Another 22 words (2 lines of text) are included under the topic Early Eperkerdowe Notables in all our PDF Extended History products and printed products wherever possible.

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Eperkerdowe In Ireland


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Eperkerdowe In Ireland



Some of the Eperkerdowe family moved to Ireland, but this topic is not covered in this excerpt. Another 77 words (6 lines of text) about their life in Ireland is included in all our PDF Extended History products and printed products wherever possible.

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The Great Migration


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The Great Migration



In such difficult times, Ireland, Australia, and North America looked like better homes for many Scots. The trips were expensive and grueling, but also rewarding, as the colonies were havens for those unwelcome in the old country. That legacy did not die easily, though, and many were forced to fight for their freedom in the American War of Independence. The Scottish legacy has resurface in more recent times, though, through Clan societies, highland games, and other organizations. Immigration and passenger lists have shown many early immigrants bearing the old Scottish name of Eperkerdowe: James Aberkirder who settled in Virginia in 1690.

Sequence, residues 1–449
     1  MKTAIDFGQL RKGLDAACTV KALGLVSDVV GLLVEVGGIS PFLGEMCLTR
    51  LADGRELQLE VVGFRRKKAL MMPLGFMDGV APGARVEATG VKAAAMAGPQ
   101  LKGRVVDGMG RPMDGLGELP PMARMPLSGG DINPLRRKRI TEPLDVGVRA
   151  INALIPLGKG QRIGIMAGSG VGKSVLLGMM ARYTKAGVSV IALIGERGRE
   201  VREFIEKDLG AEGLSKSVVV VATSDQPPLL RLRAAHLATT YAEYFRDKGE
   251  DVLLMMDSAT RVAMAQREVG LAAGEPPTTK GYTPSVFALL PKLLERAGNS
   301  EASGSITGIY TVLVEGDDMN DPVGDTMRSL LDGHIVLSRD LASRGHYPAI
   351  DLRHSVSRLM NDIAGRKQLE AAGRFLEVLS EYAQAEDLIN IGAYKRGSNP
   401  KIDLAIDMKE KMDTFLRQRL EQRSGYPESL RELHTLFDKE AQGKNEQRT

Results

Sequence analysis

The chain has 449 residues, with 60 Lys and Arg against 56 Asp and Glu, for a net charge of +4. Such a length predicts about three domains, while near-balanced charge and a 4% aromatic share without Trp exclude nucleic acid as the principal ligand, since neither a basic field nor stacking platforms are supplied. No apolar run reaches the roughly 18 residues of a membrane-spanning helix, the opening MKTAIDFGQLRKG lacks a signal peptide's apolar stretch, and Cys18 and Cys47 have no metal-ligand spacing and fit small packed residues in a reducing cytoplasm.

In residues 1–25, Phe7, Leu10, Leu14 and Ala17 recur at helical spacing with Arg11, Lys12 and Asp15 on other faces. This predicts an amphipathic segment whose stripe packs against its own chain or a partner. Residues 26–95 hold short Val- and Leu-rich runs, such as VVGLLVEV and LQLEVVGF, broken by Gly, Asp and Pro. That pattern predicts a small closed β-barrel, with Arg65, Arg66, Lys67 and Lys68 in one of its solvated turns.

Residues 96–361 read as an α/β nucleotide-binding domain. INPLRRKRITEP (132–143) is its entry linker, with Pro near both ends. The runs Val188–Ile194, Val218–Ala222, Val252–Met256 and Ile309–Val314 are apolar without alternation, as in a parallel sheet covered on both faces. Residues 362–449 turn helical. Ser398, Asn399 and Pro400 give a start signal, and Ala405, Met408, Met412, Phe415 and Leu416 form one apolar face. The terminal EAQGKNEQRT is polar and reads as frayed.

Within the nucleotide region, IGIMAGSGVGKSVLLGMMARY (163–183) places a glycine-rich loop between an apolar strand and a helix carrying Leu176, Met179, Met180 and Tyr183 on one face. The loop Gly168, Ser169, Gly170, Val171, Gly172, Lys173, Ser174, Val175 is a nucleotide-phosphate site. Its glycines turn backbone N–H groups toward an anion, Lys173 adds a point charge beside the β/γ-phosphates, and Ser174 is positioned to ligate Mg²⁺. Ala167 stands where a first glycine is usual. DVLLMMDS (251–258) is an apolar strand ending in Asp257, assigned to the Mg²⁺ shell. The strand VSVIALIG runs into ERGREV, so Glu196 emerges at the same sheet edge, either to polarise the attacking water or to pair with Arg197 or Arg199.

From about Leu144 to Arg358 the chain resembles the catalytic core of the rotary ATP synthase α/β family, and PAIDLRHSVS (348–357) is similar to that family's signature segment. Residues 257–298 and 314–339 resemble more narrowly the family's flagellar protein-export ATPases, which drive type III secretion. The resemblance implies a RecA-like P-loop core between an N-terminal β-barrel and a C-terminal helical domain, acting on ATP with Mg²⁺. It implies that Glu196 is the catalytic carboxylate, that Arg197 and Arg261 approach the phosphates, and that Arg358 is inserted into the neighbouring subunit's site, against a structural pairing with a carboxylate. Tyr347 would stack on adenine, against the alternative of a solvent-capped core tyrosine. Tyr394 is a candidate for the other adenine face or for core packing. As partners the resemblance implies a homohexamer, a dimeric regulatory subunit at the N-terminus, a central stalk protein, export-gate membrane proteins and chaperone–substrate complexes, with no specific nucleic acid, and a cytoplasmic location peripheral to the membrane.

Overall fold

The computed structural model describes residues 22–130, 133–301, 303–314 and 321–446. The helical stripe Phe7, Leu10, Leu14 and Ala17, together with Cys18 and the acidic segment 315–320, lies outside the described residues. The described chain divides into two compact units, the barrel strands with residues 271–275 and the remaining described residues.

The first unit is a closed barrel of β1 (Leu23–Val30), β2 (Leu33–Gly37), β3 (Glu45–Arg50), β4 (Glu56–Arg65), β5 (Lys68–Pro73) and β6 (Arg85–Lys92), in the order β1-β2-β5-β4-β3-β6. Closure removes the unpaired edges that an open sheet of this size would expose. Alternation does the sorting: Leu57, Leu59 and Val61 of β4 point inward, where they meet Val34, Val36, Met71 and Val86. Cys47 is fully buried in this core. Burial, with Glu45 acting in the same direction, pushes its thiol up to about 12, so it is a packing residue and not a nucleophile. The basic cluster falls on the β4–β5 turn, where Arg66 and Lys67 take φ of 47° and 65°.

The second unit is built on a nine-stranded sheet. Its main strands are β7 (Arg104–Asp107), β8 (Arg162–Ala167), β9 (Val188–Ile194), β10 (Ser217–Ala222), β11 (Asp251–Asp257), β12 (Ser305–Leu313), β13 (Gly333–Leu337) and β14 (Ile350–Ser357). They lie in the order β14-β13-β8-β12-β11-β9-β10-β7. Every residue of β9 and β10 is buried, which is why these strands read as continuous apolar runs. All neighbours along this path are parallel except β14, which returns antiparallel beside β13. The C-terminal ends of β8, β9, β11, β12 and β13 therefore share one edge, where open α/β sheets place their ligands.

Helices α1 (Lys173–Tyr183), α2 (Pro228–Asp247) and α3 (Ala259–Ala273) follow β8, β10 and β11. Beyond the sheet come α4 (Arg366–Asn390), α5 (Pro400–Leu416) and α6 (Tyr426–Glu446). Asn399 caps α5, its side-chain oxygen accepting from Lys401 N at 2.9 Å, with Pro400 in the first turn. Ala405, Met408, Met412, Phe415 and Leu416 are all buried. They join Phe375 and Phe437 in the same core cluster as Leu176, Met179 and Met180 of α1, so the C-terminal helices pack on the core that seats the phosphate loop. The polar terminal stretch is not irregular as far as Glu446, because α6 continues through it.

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Motto


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Motto



The motto was originally a war cry or slogan. Mottoes first began to be shown with arms in the 14th and 15th centuries, but were not in general use until the 17th century. Thus the oldest coats of arms generally do not include a motto. Mottoes seldom form part of the grant of arms: Under most heraldic authorities, a motto is an optional component of the coat of arms, and can be added to or changed at will; many families have chosen not to display a motto.

Motto: Pro rege et patria
Motto Translation: For King and country.


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Eperkerdowe Family Crest Products


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Eperkerdowe Family Crest Products




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See Also